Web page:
2. Less chemicals on my baby: A
Yay. The composition of the inserts are all natural and are “certified cradle-to-cradle, which means that everything that goes into them will go back to the earth in a neutral or positive way. They are made of cellulose rayon, fluffed wood pulp, and super absorber. That’s it. They’re elemental chlorine free, latex free, perfume free and dye free. The cellulose rayon and fluffed wood pulp comes from sustainably grown and harvested softwood. Super absorber is sodium polyacrylate (SAP) and is a green and non-toxic water absorbing polymer. gDiapers Cloth inserts are made of 2 layers of polyester microfleece and 2 layers of hemp/cotton.” If you were to look up the composition of a typical diaper, my guess is that you’d see a lot more chemicals.
3. Saving Money – A
The good news – Newborn gPants have awesome resale value. I had bought 24 newborn gPants and then realized I could probably get by with just 12. Luckily I had gotten a killer deal on all 24 and was able to resell the 12 new gPants that I didn’t use as well as recoup my costs on the 12 that I did use. I also had picked up the disposable inserts for a great price so I was stocked up on those at a price that was comparable or better than the typical disposables I would have otherwise bought. gDiapers’ cloth inserts are pricy at $5 each retail. But I’d be able to use those in my small gDiapers and will likely be able to recoup some costs if I can find a buyer for those as well. We used these newborns for about three and a half weeks. So yep, I’d say we saved money!
4. Keeping my bub dry and leak free: B
When using the gDiapers disposable refills as recommended, we were by and large leak free. And definitely no up-the-back poopsplosions. The diapers did a great job of keeping it all contained. When I used the cloth inserts, I wasn’t as successful. I found that she quickly wet through them and sometimes the moisture made it all the way out to her clothes. BUT again, that was almost by choice since I chose to go against the company’s recommendation. After about a week, I resolved to only use the gcloth for quick changes – for example, she would often pee and/or poop while I fed her. So I would change her before a feeding and again during or after. This worked out fine for the most part.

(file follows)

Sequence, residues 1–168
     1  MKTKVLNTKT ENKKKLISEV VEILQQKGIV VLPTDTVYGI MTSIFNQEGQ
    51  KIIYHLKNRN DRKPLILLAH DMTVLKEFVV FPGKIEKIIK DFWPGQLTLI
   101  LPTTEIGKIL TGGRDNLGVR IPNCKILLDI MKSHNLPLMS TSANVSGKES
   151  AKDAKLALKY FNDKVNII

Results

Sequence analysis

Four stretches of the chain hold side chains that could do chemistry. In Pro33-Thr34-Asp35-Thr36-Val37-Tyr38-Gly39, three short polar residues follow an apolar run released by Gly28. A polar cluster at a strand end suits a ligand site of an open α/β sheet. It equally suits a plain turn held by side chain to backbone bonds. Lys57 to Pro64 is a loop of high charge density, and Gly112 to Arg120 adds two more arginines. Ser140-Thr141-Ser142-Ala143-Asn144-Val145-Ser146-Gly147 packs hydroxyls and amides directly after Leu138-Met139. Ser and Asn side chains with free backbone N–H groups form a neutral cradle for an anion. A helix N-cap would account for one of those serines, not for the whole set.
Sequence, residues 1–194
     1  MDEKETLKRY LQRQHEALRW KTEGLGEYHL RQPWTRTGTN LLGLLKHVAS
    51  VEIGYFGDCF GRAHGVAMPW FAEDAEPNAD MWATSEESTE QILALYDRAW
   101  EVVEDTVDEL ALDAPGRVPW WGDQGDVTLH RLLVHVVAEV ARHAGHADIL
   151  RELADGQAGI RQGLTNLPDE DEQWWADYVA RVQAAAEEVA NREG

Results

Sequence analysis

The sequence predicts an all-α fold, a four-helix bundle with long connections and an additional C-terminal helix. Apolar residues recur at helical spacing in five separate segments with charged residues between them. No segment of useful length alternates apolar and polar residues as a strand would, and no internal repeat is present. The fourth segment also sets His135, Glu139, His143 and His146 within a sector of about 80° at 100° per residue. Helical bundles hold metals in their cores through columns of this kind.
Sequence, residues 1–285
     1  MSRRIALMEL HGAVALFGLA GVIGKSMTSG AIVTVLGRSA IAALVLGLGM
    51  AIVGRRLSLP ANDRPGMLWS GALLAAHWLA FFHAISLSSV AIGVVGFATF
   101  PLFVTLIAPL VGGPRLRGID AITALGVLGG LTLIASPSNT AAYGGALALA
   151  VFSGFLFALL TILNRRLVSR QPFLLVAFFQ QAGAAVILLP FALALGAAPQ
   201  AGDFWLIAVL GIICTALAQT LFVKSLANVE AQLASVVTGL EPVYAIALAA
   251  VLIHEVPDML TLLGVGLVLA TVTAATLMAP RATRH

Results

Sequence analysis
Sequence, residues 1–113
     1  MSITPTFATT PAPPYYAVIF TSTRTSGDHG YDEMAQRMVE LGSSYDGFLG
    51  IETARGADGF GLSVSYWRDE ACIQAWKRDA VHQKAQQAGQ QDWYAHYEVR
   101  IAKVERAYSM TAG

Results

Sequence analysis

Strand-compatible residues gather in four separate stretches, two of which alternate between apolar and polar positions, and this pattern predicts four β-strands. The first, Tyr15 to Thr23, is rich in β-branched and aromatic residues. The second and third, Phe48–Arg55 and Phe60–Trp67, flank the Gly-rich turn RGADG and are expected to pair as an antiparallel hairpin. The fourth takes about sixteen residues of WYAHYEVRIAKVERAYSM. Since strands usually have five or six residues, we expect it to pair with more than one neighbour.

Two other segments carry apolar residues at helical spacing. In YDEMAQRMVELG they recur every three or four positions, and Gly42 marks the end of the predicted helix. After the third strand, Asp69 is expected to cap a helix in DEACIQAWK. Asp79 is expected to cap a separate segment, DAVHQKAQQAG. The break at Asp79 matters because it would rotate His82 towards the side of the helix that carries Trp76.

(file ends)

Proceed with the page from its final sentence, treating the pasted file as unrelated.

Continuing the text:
So would I recommend these? I really think it depends. If you’re a first time parent, I think you have enough on your plate without having to do extra work to diaper your infant and figure out how it all works. I’d recommend skipping the newborn size and starting with smalls instead. OR if you typically have big babies or know (based on ultrasound estimates) that you’re going to have a large baby, then you could probably skip them as small gPants are for babies starting at around 8 pounds. On the other hand, if you are having a small baby, then these are great, especially if you can meet your goals. Looking back, I’m not sorry I used these but maybe the ease of a typical disposable would have been nice so it’s not a resounding “I’d definitely use them again!” I will say it feels good to say that, for the first month of her life, we only sent 20 disposable diapers to the landfill (the 20 that the hospital provided).